OK, so I'm trying to make fudge. The recipe which I'm following doesn't give all that much in the way of directions. So I'd like clarification of a few points, so I know what I'm aiming for.
Am I right in thinking that the objective is to heat the mixture as slowly as possible, and then cool it down again as slowly as possible?
Some sources seem to claim that you want to stir the mixture until everything disolves, and then stop stiring it and just let it boil. Is that correct?
The plan appears to be to heat the stuff until it hits the magic temperature of 115°C or 116°C (depending who you ask), and then stop heating it and let it cool down again. (?)
How crucial is it that it's exactly 116°C? I mean, obviously if it was way hotter or colder, that would be bad. But what kind of tolerance are we looking at? Is 2° either way going to matter, for example?
The recipe talks about letting the mixture cool for a while, and then stiring it "until the gloss finish disappears". Is it crucial exactly when you do this? Does it have to cool to a specific temperature or something? (I've seen recipies that seem to suggest constant stiring all the way through, and others that say to only stir once cool...)
In the past, I've bought fudge and left it unwrapped, and it dries out and becomes inedible. How do you stop this happening while you're waiting for your freshly cooked fudge to cool down? Should it not be a problem?
Flavourings should be added at the end. (?) Should it be while the mixture is still hot, or once it cools down a little? (Currently I'm using vanilla essence, but obviously I'd like to try some other things - if I ever get the fudge itself to work...)
I guess that's quite a lot of points for just one question, but I think it shouldn't be too hard to answer them all in a fairly short answer.
I like Kristina's suggestion that you research some of the basics of candy making. I'll answer those questions only briefly.
Generic Candy Questions
Losing the gloss
As I wrote in the other answer, the syrup is concentrated and then cooled to a super saturated state and not allowed to crystallize. When it has cooled sufficiently it is mixed like crazy to form your crystals all at once. When this happens the shiny, glossy syrup suddenly fills with crystals and becomes thick and loses the gloss.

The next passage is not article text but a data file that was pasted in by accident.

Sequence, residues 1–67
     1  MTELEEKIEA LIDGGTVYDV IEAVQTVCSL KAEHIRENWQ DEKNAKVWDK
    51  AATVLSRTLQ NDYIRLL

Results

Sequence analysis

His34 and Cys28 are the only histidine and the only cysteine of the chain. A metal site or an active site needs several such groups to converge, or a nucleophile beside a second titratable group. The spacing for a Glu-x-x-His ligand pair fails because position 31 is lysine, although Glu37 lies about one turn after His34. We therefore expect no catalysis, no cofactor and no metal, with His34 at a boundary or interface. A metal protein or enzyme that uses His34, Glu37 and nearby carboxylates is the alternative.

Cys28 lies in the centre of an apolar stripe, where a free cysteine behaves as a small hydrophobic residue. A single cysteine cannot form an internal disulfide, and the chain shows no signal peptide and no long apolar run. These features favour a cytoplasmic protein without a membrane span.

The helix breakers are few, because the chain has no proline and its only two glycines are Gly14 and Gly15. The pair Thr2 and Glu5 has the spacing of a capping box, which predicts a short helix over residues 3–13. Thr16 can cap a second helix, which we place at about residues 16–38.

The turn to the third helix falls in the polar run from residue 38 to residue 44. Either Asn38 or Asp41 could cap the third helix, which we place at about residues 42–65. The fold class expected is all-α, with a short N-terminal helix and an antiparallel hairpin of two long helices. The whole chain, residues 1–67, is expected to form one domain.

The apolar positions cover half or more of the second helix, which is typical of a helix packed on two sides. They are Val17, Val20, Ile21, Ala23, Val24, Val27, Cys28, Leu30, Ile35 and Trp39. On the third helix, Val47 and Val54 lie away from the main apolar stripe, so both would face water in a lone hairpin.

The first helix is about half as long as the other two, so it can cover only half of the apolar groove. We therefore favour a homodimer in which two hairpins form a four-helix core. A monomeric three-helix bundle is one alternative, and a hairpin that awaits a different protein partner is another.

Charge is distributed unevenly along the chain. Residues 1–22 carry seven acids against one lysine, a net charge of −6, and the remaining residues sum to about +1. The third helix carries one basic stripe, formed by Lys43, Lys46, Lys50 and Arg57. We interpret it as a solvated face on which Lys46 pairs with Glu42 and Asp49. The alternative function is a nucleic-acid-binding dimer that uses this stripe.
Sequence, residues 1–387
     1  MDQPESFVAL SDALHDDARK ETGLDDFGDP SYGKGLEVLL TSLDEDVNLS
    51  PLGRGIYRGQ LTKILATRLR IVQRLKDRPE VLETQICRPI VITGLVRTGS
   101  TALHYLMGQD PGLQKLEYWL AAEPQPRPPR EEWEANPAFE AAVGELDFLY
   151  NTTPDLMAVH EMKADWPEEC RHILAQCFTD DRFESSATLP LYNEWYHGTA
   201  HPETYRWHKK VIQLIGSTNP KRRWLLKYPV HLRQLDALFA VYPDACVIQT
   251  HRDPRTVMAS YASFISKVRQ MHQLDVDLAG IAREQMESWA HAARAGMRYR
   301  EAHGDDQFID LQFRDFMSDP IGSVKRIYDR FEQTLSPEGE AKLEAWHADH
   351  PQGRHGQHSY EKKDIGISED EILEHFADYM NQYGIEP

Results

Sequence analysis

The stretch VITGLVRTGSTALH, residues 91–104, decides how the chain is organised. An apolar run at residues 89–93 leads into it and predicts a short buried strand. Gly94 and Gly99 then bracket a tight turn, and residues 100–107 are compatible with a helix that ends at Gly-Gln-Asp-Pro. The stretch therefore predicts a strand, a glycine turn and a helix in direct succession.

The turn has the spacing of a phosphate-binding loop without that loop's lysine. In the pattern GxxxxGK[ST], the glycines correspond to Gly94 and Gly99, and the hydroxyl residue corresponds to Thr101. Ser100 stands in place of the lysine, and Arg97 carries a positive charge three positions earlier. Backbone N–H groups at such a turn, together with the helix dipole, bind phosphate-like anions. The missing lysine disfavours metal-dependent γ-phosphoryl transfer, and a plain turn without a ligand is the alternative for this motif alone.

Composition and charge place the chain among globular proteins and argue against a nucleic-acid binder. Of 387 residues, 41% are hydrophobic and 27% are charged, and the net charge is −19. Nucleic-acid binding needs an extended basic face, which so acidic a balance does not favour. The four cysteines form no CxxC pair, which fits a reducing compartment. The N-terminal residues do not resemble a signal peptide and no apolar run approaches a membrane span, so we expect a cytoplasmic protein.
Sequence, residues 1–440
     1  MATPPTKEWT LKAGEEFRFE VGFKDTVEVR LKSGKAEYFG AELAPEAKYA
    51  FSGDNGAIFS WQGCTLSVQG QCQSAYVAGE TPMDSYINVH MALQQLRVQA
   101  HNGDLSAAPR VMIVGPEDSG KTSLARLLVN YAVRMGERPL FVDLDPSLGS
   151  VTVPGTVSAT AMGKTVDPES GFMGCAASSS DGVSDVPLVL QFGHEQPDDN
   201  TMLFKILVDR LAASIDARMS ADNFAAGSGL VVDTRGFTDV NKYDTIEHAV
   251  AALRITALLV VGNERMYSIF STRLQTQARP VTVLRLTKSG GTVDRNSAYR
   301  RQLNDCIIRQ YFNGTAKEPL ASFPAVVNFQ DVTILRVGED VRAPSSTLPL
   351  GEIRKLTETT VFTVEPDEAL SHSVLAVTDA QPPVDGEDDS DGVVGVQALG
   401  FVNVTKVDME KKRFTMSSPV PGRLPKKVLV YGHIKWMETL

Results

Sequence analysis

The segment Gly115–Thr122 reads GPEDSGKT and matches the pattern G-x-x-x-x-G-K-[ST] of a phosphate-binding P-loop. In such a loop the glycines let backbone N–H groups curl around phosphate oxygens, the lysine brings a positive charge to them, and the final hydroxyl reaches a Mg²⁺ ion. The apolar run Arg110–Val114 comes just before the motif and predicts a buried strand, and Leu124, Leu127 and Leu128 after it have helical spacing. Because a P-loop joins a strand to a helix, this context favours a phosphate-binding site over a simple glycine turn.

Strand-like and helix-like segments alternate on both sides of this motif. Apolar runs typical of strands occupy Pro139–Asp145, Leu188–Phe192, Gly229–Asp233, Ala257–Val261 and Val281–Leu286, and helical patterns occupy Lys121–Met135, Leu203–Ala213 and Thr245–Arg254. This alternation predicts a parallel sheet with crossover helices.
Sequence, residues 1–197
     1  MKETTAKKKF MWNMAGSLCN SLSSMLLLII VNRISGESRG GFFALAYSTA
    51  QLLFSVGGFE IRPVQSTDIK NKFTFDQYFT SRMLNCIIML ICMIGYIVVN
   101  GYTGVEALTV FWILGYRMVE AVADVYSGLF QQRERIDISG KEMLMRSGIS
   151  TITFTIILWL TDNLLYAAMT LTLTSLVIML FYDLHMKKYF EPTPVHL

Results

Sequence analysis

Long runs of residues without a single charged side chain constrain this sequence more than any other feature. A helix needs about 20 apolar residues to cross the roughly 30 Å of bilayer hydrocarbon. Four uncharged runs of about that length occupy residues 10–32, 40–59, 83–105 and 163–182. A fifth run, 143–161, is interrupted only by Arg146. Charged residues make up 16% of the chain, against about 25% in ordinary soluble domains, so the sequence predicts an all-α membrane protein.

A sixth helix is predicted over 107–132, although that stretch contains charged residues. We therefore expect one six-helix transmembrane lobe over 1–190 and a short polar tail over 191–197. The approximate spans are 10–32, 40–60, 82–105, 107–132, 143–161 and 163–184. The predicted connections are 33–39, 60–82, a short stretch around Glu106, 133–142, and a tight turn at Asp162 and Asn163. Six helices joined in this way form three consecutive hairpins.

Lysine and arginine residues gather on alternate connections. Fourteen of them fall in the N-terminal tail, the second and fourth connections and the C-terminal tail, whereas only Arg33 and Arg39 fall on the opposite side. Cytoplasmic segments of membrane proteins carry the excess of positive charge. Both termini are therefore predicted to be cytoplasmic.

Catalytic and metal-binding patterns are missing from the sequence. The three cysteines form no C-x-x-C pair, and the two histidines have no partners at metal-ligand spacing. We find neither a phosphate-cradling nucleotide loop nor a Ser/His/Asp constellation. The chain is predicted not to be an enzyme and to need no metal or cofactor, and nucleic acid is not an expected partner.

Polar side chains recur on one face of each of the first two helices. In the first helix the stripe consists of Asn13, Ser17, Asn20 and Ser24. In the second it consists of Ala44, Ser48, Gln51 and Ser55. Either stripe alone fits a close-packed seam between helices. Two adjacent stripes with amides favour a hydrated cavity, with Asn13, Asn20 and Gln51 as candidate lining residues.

It is important that the syrup be cooled enough that it is ready to crystallize at the drop of a hat. Again- if you stir it early, as it cools, you will end up with rock candy (more or less). I just leave my candy thermometer clipped on until the target temperature is reached. Make sure the thermometer is clean- one stray sugar crystal can ruin the batch.
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minutes. Remove from heat. Gradually whisk about 1 cup of the hot mix into the egg yolks, whisking all the time. Add this back into the rest of what is in the pan. Bring to a gentle boil. Reduce heat and cook and whisk for an additional 2 minutes. Remove from heat and whisk in butter and vanilla till well mixed. Let cool a bit, whisk and pour into pie shell and set aside. Just after the last remove from heat and just before whisking in the butter, I needed a call of nature. When I got back the mixture had separated into what looked like curdled milk and an oily fat like substance
, the second one (after agar) being vanilla. I'm not sure whether this is normal or whether it might have been diluting the agar mix. I did notice that it did not seem to be gelling at all while it was coming down to room temperature. It was basically a soup until it had been refrigerated. Can anyone identify the most likely reason why this didn't work out? Did I use too little agar? Too much... Collection. It uses agar as the gelling agent and appears relatively easy to prepare (that's why I tried it). Basically you just dissolve some agar in warm water, orange juice, and lemon juice, add sugar